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UKIP, its leadership and minority and emerging parties

Jonny Clark

15th February 2018

On Saturday, there will an extraordinary meeting of members of UKIP when a vote of no confidence will be held for its leader Henry Bolton. Should Bolton lose, UKIP will have to find a fifth leader in the space of 18 months. If Bolton remains, he has promised to 'drain the swamp' of malcontent members and reform the party.

All of this is significant, of course, as UKIP has played an integral part in shaping politics in the UK over the last decade. We shouldn't forget that, as we speak, UKIP still has 19 MEPs, comparing well to the Conservative and Labour Party's 20. The question is, however, how relevant is UKIP after their primary goal of achieving a UK withdrawal from the EU was achieved following the 2016 referendum? With a poor showing in recent local elections, are we looking at the end of UKIP as a political force?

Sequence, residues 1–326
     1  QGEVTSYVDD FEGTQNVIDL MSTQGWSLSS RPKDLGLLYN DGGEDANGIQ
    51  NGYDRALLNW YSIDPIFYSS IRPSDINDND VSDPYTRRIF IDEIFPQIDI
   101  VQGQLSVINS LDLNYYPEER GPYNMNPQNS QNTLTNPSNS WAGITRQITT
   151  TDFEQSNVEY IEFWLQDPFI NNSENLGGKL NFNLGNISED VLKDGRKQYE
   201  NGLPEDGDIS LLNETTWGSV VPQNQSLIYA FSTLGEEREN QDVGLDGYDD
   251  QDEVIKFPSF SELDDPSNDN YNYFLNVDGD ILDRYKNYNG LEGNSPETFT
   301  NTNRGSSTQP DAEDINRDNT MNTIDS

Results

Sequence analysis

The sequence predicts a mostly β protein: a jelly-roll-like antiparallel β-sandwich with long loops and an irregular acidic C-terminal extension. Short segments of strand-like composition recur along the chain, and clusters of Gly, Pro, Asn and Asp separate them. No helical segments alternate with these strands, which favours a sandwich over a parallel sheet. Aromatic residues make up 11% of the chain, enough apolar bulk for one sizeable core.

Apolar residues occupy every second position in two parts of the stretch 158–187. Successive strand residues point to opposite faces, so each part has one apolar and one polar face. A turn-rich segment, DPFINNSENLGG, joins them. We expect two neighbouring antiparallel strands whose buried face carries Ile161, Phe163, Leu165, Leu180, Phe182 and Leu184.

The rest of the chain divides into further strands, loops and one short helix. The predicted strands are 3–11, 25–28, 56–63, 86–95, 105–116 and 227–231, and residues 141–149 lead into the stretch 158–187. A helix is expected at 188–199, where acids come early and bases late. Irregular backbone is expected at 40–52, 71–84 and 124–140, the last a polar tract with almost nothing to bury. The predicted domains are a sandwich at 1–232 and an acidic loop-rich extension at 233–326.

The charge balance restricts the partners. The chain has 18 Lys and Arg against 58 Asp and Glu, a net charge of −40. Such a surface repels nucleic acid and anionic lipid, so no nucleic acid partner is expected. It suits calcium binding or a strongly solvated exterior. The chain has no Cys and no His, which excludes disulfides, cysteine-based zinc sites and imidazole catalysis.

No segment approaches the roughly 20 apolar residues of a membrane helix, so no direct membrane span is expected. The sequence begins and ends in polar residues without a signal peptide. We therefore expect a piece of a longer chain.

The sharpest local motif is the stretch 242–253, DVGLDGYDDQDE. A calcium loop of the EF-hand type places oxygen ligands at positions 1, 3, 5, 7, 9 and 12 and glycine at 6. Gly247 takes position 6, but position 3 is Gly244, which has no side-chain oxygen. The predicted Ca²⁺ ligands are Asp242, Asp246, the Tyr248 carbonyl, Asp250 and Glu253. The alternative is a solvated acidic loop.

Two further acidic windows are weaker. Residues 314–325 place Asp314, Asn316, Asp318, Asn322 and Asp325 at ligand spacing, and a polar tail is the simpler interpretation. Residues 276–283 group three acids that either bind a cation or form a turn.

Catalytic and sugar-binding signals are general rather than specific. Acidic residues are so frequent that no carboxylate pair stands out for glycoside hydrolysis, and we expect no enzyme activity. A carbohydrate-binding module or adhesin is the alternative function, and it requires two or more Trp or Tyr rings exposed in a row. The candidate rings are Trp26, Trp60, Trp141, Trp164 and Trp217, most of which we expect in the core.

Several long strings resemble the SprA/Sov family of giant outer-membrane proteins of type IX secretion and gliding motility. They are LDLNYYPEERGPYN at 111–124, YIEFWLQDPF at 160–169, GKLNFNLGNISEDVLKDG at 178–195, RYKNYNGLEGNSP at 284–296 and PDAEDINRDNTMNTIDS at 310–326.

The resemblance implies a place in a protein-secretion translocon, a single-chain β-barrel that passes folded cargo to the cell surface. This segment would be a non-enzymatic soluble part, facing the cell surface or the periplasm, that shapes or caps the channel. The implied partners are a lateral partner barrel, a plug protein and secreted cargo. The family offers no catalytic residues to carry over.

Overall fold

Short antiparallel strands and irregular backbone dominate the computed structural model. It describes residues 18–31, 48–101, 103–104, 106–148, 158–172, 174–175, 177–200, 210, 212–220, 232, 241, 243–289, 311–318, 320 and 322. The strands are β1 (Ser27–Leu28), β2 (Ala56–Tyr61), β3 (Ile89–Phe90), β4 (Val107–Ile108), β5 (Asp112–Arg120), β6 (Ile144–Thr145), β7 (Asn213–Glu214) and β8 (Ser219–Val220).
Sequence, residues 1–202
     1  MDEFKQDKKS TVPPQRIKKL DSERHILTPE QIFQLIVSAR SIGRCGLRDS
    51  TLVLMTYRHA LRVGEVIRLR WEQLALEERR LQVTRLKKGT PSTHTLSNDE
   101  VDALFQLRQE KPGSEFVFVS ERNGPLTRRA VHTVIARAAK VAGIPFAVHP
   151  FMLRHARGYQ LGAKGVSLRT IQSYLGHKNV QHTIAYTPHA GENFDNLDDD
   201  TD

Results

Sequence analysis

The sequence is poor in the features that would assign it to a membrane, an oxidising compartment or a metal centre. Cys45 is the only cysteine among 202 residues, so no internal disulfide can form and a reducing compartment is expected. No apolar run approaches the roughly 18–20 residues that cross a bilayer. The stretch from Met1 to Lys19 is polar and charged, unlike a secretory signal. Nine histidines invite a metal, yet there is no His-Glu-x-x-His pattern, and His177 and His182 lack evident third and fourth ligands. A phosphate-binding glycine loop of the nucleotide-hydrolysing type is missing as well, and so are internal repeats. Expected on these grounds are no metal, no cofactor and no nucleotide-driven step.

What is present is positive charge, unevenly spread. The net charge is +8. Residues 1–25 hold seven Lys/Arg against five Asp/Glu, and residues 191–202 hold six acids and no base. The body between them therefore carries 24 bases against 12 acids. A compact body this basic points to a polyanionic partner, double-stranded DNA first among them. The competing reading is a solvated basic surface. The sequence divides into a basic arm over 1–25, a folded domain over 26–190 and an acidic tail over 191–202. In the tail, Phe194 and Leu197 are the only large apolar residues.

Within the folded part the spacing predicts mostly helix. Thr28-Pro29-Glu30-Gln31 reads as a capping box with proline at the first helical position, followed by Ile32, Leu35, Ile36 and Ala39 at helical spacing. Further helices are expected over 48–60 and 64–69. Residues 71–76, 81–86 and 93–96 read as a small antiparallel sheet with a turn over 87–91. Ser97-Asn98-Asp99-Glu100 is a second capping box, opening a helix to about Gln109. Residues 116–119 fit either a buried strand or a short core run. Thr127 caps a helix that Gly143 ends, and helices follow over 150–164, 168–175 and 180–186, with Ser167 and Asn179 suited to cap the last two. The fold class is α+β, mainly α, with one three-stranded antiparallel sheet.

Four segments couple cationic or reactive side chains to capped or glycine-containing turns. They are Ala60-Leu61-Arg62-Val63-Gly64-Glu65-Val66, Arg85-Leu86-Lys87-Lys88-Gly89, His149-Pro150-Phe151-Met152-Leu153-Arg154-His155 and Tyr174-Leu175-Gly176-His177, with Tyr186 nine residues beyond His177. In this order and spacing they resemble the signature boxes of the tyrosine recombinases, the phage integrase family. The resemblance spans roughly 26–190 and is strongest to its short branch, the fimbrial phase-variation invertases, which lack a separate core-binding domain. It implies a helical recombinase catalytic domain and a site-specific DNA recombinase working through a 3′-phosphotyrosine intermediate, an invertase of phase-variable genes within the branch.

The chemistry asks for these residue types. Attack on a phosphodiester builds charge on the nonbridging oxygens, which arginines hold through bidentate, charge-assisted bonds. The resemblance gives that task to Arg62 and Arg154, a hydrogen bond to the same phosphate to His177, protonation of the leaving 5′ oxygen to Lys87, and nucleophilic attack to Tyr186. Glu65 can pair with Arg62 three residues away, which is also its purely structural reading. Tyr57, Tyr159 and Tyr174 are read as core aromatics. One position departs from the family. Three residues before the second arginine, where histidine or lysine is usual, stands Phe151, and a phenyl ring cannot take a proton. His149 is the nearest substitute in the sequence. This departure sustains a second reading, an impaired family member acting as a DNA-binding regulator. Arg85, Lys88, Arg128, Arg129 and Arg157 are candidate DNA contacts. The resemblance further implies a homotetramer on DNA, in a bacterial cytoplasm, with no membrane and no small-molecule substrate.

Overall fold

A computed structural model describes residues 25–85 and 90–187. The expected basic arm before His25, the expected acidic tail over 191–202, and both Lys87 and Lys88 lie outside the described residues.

For Politics students following the new specification, UKIP also has significance. Alongside the growth of the SNP in Scotland, British politics is seeing the increasing impact of minor and emerging parties on political strategy. Would the 2016 EU referendum have even been held if UKIP had not rose to prominence? How much sway does the small group of 10 DUP MPs have on the Government given the lack of an outright Conservative majority in Parliament? With the balance of power so precarious, what is the impact of the 7 Sinn Féin MPs refusing to attend Westminster debates and votes?

To support this topic, we've just added a 10 question multi-choice Card Drop quiz on minority and emerging parties to our learning activities.

Jonny Clark

Jon Clark has been teaching economics and business studies for over 25 years primarily in the Further Education sector. Before joining tutor2u, he was a senior manager at South Cheshire College in Crewe.

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